The onset of geological research that underpins the Clare Basin’s present importance as a research and training area for the hydrocarbon industry commenced in the 1950s via biostratigraphic studies of the Clare Basin-fill by Frank Hodgson and a legion of Ph.D. students, most notably Gillian Lewarne. She established the biostratigraphy of the early deepwater shales (Clare Shales) that overlay the Carboniferous/Mississippian Limestone and record a prolonged period of deepening stratigraphy that preceded deposition of the turbidite sandstones (Ross Formation).
She also established, along with colleagues the biostratigraphic framework for the younger fluvio-deltaic deposits of the basin fill.
This time- and correlation framework – based on what we would now call condensed sections – became an essential template for subsequent research that exists to this day.
Subsequently Dan Gill, geology professor at Trinity College Dublin and later at Imperial College, University of London, became interested in the Clare area. Suspecting that parts of the basin-fill succession could be deepwater turbidites, he invited Philip Kuenen, one of the fathers of deepwater and turbidite sedimentology in the 1950s, to Clare. Their work resulted in a 1958 publication on the area’s famous sand volcanoes.
Gill invited Lewarne to join him as a teaching assistant in Trinity College. On transferring to Imperial College he appointed Ph.D. student Malcolm Rider with the task of unraveling the sedimentology of the Clare Basin fill.
Rider submitted his Ph.D. in 1969 and subsequently published his findings in several journals, but his 1978 paper in the AAPG BULLETIN is a classic paper where he highlighted the comparison of the Clare sedimentary rocks to the Gulf of Mexico basin.
The thesis itself is a remarkable document. It establishes the depositional settings for each of the stratigraphic units of the basin fill over the entire basin remnant. Each depositional setting was treated in depth via meticulous observations and well-reasoned, logical interpretations.
It was a benchmark Ph.D. thesis for its time and underpins the vast majority of subsequent work on the basin fill.
Included in the thesis is a chapter of the sedimentology of the modern Mississippi delta. Rider had identified the youngest part of the basin fill – the Central Clare Group – as the product of large prograding deltas that he felt were broadly similar to the Mississippi delta.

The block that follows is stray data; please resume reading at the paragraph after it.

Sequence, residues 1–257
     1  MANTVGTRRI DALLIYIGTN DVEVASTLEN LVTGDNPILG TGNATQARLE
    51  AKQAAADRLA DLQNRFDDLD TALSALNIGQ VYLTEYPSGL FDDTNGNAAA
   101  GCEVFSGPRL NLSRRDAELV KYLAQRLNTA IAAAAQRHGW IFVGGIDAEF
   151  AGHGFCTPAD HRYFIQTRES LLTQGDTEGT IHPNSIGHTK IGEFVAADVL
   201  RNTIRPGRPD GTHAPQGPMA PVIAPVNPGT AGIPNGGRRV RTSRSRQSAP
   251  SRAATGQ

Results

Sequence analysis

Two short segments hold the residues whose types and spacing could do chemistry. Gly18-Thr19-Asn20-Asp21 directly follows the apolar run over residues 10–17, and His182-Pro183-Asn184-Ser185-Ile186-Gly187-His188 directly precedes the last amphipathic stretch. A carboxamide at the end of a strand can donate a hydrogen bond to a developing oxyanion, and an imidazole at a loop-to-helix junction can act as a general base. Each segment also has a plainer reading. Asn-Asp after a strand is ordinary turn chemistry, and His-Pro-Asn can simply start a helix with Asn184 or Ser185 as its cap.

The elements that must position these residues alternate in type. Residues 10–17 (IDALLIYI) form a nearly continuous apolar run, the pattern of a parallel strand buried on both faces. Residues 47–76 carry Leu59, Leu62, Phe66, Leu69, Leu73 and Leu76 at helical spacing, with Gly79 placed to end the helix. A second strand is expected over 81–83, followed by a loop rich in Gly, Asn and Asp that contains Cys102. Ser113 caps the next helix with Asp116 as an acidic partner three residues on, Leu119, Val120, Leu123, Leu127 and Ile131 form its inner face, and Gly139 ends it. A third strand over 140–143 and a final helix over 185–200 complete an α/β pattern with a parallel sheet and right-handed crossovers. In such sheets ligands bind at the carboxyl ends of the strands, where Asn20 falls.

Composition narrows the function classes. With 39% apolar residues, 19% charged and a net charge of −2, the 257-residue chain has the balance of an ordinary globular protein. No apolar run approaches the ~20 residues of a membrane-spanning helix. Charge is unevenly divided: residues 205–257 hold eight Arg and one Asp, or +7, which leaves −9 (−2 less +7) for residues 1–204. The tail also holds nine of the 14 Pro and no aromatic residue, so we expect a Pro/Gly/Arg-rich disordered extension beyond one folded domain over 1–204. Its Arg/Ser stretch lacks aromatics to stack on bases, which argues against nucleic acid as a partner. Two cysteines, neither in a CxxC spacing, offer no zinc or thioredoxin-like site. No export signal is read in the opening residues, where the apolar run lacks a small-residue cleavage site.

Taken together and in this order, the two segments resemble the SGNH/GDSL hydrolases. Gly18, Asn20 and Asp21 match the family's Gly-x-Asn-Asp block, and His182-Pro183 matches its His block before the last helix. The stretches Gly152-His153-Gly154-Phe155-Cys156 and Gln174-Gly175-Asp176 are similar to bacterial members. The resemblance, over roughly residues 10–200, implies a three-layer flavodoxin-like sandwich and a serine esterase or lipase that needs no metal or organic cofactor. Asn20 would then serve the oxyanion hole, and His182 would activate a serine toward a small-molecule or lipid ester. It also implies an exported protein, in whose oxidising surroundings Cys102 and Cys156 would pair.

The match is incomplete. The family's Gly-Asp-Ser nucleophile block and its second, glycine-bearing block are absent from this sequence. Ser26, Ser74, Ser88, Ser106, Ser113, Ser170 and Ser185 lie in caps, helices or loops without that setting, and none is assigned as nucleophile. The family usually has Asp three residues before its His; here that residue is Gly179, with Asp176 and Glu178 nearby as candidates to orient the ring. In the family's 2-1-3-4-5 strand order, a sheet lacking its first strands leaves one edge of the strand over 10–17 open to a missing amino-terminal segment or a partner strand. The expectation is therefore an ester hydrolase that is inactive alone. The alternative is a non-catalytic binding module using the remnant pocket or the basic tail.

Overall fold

Not content with reading the published literature on the delta, he boarded a cargo ship bound for New Orleans and worked his passage across the Atlantic, eventually arriving completely unannounced at Louisiana State University, where he negotiated a short-term research opportunity in the university with leading researchers who had worked the Mississippi delta.
That resulted in the AAPG BULLETIN paper that has been influential literature way beyond the Clare Basin – and not least for relating modern depositional environments to ancient rock successions.
Trevor Elliott met Malcolm Rider at the 1975 IAS Congress in Nice, France, and over a lunch asked if he could undertake research in the Clare Basin in order to extend some of Rider’s work.
Rider agreed and a new phase of research commenced that ultimately led to the initiation of training courses for the oil industry in the area.
Also at the Nice Congress, John Collinson, then at the University of Bergen, aired the possibility of a training consultancy for the industry with Elliott.
Agreement was reached and Harold Reading, winner of the AAPG Distinguished Educator Award in 1997, and Collinson’s and Elliott’s former supervisor, also was included in a partnership named Sedimentary Research Associates.
Soon the Clare Basin became the partnership’s flagship annual course, and the global use of the Clare Basin as a training ground was established.
During this period AAPG member Andy Pulham did his Ph.D. research on the deltaic deposits of the basin fill supervised by Elliott, and Ole J. Martinsen did his master’s study of the slope component of the basin fill supervised by Collinson.
For Martinsen, winner of the AAPG Robert R. Berg Outstanding Research Award in 2011, the Clare Basin work has been the fundament of the later career in industry and research.
As understanding of the basin-fill developed further via these and other research projects, the Clare became increasingly recognized internationally – including among several major oil companies – and its use in the training oil company geoscientists became global.